Telecommuting is gaining in popularity among employees and even some employers, but workplace issues can still be issues, even if the workplace is home.
Jeff Tenenbaum, who chairs the Nonprofit Organizations Practice Group at Venable LLP, notes that federal and state labor laws still apply, even for telecommuters. There are other considerations that should be heeded when contemplating telecommuting.
- The suitability of certain positions to telecommuting?
- Wage and hour requirements. The Fair Labor Standards Act (FLSA) and state counterparts raise issues for how nonprofits monitor telecommuter work schedules.
- Occupational Safety and Health Act (OSHA) issues.
- Workers’ compensation laws.
- Implications of the Americans with Disabilities Act (ADA). An employer is not necessarily required to permit telecommuting merely because it is the employee’s preferred reasonable accommodation.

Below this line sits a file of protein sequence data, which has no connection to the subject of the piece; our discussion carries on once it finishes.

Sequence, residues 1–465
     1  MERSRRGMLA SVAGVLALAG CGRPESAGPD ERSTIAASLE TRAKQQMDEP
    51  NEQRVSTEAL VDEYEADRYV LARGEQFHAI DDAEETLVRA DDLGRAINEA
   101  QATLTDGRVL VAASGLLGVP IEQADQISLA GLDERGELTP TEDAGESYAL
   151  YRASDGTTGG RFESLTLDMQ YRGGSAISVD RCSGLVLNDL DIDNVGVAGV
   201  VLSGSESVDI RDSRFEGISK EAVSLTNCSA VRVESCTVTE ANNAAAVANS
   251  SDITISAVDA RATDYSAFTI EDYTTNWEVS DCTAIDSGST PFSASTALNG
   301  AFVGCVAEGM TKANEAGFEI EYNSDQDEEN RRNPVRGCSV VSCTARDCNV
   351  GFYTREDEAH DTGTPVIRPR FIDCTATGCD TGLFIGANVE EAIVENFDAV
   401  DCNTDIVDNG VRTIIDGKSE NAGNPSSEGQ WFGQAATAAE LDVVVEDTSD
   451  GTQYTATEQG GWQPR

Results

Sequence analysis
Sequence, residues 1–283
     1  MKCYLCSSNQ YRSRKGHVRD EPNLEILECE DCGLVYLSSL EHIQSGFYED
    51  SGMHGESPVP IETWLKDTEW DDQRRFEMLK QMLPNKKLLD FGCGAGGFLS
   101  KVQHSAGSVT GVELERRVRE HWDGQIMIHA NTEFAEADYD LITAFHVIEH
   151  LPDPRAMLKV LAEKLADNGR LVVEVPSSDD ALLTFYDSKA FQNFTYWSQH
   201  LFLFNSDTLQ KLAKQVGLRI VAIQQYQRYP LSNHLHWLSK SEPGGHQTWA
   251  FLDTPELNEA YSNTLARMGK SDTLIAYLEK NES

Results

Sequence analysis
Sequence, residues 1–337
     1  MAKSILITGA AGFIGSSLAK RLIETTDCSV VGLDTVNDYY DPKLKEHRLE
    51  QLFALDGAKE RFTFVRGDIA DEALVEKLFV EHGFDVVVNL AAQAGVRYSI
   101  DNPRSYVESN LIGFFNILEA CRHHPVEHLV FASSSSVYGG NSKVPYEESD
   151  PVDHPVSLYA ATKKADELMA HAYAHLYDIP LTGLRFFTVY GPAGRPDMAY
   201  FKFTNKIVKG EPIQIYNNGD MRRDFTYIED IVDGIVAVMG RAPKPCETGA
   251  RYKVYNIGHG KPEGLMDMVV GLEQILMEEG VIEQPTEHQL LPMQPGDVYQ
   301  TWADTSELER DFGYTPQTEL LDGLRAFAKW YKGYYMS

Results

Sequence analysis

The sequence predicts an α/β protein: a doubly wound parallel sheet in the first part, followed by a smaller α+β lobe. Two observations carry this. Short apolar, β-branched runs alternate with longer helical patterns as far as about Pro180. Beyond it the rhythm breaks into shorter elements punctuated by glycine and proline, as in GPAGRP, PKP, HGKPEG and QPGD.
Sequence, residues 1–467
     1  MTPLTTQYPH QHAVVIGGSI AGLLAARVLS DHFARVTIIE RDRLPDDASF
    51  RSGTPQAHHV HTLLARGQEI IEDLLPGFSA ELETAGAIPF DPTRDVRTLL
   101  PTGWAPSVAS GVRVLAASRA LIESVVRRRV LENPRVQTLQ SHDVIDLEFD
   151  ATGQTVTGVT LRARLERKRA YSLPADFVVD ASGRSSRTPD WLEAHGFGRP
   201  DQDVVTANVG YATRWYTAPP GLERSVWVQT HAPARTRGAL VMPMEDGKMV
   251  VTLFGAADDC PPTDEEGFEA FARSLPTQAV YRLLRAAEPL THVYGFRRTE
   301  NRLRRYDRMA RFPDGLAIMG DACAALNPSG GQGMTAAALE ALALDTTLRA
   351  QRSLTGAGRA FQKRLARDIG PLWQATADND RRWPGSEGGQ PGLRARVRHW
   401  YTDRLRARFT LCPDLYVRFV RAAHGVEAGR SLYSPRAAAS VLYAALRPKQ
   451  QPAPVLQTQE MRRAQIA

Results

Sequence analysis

- Anti-discrimination. Telecommuting typically raises concerns about disparate impact claims, which arise not from intentional discrimination but inadvertent problems arising from company policy.
- Medical leave needs. The most common problem arises when employers use telecommuting to pressure employees not to take medical leave.
- Privacy issues. These can conflict with an employer’s need to monitor the employee’s performance.
- Protection of confidential and proprietary information. Home office equipment such as computers and other devices containing work product and sensitive information should be dedicated to work-related activities only.
- Income taxes. Complications can arise when an employee telecommutes from a different state.
- Tort liability. Liability insurance should cover the telecommuting employee’s home.
- Zoning laws.